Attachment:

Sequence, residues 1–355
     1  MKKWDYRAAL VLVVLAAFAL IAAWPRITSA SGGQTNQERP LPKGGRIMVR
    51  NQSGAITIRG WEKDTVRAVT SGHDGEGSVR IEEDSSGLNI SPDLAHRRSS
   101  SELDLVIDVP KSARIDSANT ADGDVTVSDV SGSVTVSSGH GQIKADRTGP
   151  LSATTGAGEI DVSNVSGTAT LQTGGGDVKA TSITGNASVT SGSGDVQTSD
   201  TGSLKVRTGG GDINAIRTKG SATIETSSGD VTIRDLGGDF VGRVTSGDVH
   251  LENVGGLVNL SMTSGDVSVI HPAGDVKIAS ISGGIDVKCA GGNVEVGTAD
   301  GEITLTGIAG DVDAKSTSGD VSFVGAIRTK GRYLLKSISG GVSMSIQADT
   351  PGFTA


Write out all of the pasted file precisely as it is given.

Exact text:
Sequence, residues 1–355
     1  MKKWDYRAAL VLVVLAAFAL IAAWPRITSA SGGQTNQERP LPKGGRIMVR
    51  NQSGAITIRG WEKDTVRAVT SGHDGEGSVR IEEDSSGLNI SPDLAHRRSS
   101  SELDLVIDVP KSARIDSANT ADGDVTVSDV SGSVTVSSGH GQIKADRTGP
   151  LSATTGAGEI DVSNVSGTAT LQTGGGDVKA TSITGNASVT SGSGDVQTSD
   201  TGSLKVRTGG GDINAIRTKG SATIETSSGD VTIRDLGGDF VGRVTSGDVH
   251  LENVGGLVNL SMTSGDVSVI HPAGDVKIAS ISGGIDVKCA GGNVEVGTAD
   301  GEITLTGIAG DVDAKSTSGD VSFVGAIRTK GRYLLKSISG GVSMSIQADT
   351  PGFTA